learning styles

/ˈləːnɪŋ ˌstʌɪlz/

noun

antimicrobial resistent organism that continues to thrive despite numerous attempts to medicate against it.

literacy

/ˈlɪt(ə)rəsi/

noun

word used as part of a compound noun to give an air of legitimacy to an otherwise woolly term, e.g., digital literacyvisual literacyliteracy literacy.

neo-

/niːə(ʊ)/

prefix

versatile combining form that can be adjoined to the beginning of any noun in order to make that thing sound more sinister than it actually is.

neo-trad

/niːə(ʊ)ˈtrad/

prefix

traditionalist, only more sinister. Synonyms: right-wingTory, Nazi, Sith Lord, Agent of Hydra.

Ofsted

/ɒfstɛd/

noun

capricious inspectorate, prone to systematically dishing out unfair judgements. Unless that judgement is ‘Good’ or ‘Outstanding’, in which case it is entirely accurate and should be emblazoned across letterheads and banners. 

pedagogy

/ˈpɛdəɡɒdʒi/

noun

from the Greek παιδός, (paidos), “teachy”, and ἄγω (ágō), “teaching”: literally, “teachy teaching”.

progressive

/prəˈɡrɛsɪv/

noun

1. a teacher committed to the values of progressivism.

or

2. a teacher just out of initial teacher training.

Robinson, Sir Ken

/ˈrɒbɪns(ə)n ˌˈsəː ˈkɛn/

noun

chivalrous knight of YouTubian legend; the folk tales tell of how Sir Ken is bestowed with a golden tongue by TED the Enchanter, and of how he uses this tongue to defeat the Great Sages of Rote Wisdom by invoking the Spirits of Dance.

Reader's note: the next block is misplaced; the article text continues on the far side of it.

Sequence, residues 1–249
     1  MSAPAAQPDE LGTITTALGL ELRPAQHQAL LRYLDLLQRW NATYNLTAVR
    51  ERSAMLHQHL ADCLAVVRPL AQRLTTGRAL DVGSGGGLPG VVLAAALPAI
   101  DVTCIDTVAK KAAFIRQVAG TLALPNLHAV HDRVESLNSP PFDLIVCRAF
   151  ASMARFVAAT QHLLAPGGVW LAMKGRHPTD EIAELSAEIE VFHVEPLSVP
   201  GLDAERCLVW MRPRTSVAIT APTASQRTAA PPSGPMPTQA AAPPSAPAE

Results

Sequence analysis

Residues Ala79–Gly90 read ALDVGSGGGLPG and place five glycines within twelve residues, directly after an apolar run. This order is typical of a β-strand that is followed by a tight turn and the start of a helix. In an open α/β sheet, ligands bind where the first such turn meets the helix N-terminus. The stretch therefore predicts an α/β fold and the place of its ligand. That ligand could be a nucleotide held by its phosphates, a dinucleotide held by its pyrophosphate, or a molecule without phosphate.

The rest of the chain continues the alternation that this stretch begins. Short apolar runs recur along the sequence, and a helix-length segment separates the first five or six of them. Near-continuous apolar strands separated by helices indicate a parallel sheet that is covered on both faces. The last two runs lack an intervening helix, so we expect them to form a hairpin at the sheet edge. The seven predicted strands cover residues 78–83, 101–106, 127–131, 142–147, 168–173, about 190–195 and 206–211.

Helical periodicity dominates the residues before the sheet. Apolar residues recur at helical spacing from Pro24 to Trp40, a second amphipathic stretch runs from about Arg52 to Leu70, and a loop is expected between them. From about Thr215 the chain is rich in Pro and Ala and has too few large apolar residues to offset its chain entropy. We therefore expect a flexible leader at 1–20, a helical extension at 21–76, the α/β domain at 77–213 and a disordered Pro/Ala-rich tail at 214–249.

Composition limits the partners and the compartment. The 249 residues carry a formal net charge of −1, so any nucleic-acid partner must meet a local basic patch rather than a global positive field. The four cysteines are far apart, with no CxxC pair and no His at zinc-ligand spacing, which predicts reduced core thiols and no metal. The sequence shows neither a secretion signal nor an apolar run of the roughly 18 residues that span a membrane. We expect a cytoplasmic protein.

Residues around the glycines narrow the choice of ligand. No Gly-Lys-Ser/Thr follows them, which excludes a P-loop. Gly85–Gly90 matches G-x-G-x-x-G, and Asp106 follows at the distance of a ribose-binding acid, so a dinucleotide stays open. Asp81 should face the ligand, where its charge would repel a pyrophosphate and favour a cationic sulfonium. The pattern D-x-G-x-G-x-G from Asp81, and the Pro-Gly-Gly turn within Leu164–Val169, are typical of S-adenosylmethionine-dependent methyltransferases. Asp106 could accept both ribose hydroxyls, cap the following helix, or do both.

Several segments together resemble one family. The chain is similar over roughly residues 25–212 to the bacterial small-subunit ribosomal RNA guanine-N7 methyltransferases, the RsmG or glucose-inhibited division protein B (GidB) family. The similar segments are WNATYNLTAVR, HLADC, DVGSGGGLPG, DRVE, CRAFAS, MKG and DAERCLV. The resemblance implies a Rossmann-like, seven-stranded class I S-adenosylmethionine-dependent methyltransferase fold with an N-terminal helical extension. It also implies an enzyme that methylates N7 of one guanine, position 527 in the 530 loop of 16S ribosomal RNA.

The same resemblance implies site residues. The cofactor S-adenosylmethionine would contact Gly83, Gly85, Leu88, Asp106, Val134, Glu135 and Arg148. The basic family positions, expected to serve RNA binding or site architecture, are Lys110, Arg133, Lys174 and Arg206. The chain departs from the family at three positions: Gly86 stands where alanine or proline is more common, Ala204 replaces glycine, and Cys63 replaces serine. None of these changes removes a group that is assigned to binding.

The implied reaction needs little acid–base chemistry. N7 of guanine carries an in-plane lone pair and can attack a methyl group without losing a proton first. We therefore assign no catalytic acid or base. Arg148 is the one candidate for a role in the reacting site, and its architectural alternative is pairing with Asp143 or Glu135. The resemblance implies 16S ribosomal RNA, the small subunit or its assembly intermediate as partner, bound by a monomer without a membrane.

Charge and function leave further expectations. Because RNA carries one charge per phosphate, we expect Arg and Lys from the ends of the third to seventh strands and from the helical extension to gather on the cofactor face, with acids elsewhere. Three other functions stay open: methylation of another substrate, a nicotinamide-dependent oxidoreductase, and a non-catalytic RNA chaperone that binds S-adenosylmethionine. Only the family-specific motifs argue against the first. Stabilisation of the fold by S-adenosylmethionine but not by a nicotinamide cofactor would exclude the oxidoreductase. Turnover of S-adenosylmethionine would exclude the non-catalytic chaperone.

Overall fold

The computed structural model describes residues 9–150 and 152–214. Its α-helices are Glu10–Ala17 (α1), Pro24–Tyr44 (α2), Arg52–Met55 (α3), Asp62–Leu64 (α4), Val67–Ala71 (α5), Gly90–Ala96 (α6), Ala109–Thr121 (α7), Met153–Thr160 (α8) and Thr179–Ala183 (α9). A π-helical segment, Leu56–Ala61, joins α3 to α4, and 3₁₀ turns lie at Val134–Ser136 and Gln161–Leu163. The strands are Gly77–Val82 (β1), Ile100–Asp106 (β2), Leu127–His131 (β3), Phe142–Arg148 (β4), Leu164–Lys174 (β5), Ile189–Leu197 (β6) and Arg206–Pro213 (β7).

rote learning

/rəʊt ˌˈləːnɪŋ/

noun

1. that which Sir Ken Robinson opposes, instead suggesting more dance in the curriculum.

2. the most common and effective way to learn how to dance.

Shift Happens

/ʃɪft ˈhap(ə)nz/

noun

bullshit.

traditionalism

/trəˈdɪʃ(ə)nəlɪz(ə)m/

noun

a diabolical cult dedicated the denigration of fun, posters, role play and group work; based on ideology (cf. progressivism, which is ideology-free and entirely based on pragmatism and principles); followers of traditionalism dislike children and can be mostly found in schools.

troll

/trɒl,trəʊl/

verb

to disagree with a view on education that one holds; this is a transitive verb which can only be done unto the first person me and not unto second or third person pronouns such as him, her or you – “he trolled me” is correct usage, whereas “I trolled her/you” is incorrect.

noun

someone who disagrees with your view on education.

 

 

5 useful online resources for English teachers

There are a number of resources I return to again and again online, in order to either find useful texts for pupils to read, or to deepen my contextual knowledge of texts. Here are five sites I think are really helpful.

JSTOR Understanding Shakespeare 

This is a brilliant resource that connects digital texts from the Folger Shakespeare Library with articles on the JSTOR digital library. As the strapline tells us: “Pick a play. Click a line. Instantly see articles on JSTOR that reference the line.” 

Below is a screenshot that shows you how it works. I’ve chosen the line “‘Tis an unweeded garden / That grows to seed.” from Hamlet’s first soliloquy (Act 1, Scene 2). You can see that there are 53 references to this line in JSTOR. It lists them on the right of the screen, and by hovering over each one, you can see the page of the article on which it is referenced.